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Revista Cubana de Ciencias Forestales

versión On-line ISSN 2310-3469

Rev cubana ciencias forestales vol.8 no.3 Pinar del Río sept.-dic. 2020  Epub 06-Sep-2020


Original article

Movement of water in the wood during drying discreet model

Inés González Cruz1  *

Luisberis Velázquez Abad2

Daniel Álvarez Lazo1

1Universidad de Pinar del Río "Hermanos Saíz Montes de Oca". Pinar del Río, Cuba.

2Universidad Católica del Norte. Antofagasta. Chile.


The knowledge of the factors that produce the deformations of the wood can help to a suitable selection of the material before its sawing. One way to address the problem of deformation is with the understanding of the mechanisms that regulate it. The objective of the work was to describe the behavior of the movement of water during the drying of wood as an influential factor in the deformations of the same during this process from a theoretical model, which unifica features Newton's dynamics of a system of particles and schemes of the methods of the finite elements. This model allows to establish in detail the qualitative and quantitative influence of the humidity in the nature of the deformations, which facilitates to value the experimental results, to make predictions in the practical activity, and to obtain a considerable saving of resources and time.

Keywords: Moisture; Wood; Drying; Model.


The consumption of large volumes of sawn wood in our country indicates as a fundamental need to increase the efficiency of the sawing industry, taking into account to minimize the contractions and other deformations that it presents after its drying, because in the construction the deformations that the sawn wood experiences affect its quality, being the most important property the swelling and the contraction (Álvarez et al., 2013).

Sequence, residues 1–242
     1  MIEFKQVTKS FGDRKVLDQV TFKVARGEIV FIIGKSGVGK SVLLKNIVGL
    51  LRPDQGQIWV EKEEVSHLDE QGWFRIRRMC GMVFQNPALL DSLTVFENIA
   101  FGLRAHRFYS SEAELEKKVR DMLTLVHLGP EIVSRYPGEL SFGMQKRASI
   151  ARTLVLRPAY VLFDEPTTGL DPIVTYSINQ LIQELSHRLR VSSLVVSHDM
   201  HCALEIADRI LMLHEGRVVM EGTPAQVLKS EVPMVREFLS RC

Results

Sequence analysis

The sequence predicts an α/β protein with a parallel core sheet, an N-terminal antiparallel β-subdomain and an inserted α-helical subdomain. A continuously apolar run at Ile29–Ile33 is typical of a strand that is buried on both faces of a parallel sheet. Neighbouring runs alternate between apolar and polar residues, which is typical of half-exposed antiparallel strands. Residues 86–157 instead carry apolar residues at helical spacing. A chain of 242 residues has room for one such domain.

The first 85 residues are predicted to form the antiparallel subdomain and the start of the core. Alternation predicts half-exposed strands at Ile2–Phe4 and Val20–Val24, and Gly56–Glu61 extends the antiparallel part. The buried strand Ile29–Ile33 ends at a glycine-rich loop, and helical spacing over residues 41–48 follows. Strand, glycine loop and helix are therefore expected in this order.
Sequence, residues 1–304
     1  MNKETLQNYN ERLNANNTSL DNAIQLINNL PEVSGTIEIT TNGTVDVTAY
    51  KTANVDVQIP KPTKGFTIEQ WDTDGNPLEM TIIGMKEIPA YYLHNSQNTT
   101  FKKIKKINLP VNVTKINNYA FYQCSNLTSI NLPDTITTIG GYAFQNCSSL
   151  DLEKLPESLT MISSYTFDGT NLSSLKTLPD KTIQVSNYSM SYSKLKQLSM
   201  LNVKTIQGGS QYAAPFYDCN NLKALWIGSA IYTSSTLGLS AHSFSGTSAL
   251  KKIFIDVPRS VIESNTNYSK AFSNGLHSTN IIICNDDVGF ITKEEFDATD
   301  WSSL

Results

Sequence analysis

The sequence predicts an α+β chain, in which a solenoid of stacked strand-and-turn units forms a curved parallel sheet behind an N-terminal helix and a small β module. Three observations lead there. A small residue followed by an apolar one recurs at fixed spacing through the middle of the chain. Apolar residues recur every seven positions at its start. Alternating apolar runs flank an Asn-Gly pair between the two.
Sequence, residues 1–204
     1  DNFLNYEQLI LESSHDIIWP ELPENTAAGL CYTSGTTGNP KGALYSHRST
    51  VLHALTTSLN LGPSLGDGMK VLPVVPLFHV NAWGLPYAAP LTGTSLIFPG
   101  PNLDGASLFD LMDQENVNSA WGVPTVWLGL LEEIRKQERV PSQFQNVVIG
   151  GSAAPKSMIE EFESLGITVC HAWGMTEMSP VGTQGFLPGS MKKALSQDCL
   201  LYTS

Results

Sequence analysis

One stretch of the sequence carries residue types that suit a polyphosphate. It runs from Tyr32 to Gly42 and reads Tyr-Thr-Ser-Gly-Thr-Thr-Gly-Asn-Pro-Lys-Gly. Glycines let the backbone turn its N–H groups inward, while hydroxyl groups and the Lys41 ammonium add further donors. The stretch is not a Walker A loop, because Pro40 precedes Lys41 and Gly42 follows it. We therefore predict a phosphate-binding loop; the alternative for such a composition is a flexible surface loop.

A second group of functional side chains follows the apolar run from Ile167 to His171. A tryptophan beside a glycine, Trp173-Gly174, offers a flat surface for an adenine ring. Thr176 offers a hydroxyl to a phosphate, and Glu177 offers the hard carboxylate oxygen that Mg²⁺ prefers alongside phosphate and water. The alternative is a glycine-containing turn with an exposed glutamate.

Contraction occurs only when the wood loses humidity below the saturation point of the ûbra (PSF). This point is an interesting fact for the structural and decorative uses of wood. It is accepted that for the practical use of all species the average value of the fibre saturation point is 30 %. (Álvarez et al., 2013). As a result of the movement of water during the drying process, the wood undergoes changes in its physical and mechanical properties (Sokolowskyy et al., 2014).

The bound water is attached to the cell walls by very intense physical and chemical forces. During the drying process, first all the free water is removed and then some of the bound water is removed. The removal of the free water is carried out quickly and the energy consumption is relatively low, as the free water is very weakly bound to the wood. The wood begins to lose water until it reaches a point called: Fiber Saturation Point (FSP) in which it no longer has free water to lose. During this phase there are no dimensional changes in the wood, because the water that was inside the cells has been eliminated (Álvarez et al., 2013).

Associated to the humidity changes there are deformations of the wood of Pinus caribaea var. caribaea(González-Cruz, 2008 and Guera et al., 2020). According to Sokolowskyy et al., (2014), the application of mathematical modeling makes it possible to automate the analysis of the phenomena that occur during the drying process.

Different mathematical methods have been used to define the movement of water in the wood during drying, among which the works developed by (Salinas et al., 2010 and Salinas et al., 2015), Pérez et al. (2018), Montero et al. (2020).

The treatment of deformations associated with humidity gradients during the drying process is traditionally described from a theoretical point of view using the Theory of Continuous Media (Ormarsson et al., 2000). This working model, which considers the anisotropy and non-homogeneity of the medium, offers valuable results in the treatment of this phenomenon (deformations) but for its assumptions leaves out of reach the consideration of the discontinuous properties that are inherent to a medium as exceptional as wood (González-Cruz, 2008).

A different vision is proposed in this work: The study of the movement of water in wood during drying, using discrete models that make use of the Newtonian formulation of particle systems, which are widely used in physics to study the behavior of gases, liquids and solids using the methods of classical molecular dynamics. There is a significant knowledge of the peculiarities that these models allow to describe. To gain a better understanding of this phenomenon, a theoretical study of the movement of water during the drying process of the sawn wood of Pinus caribaea Morelet var. caribaea.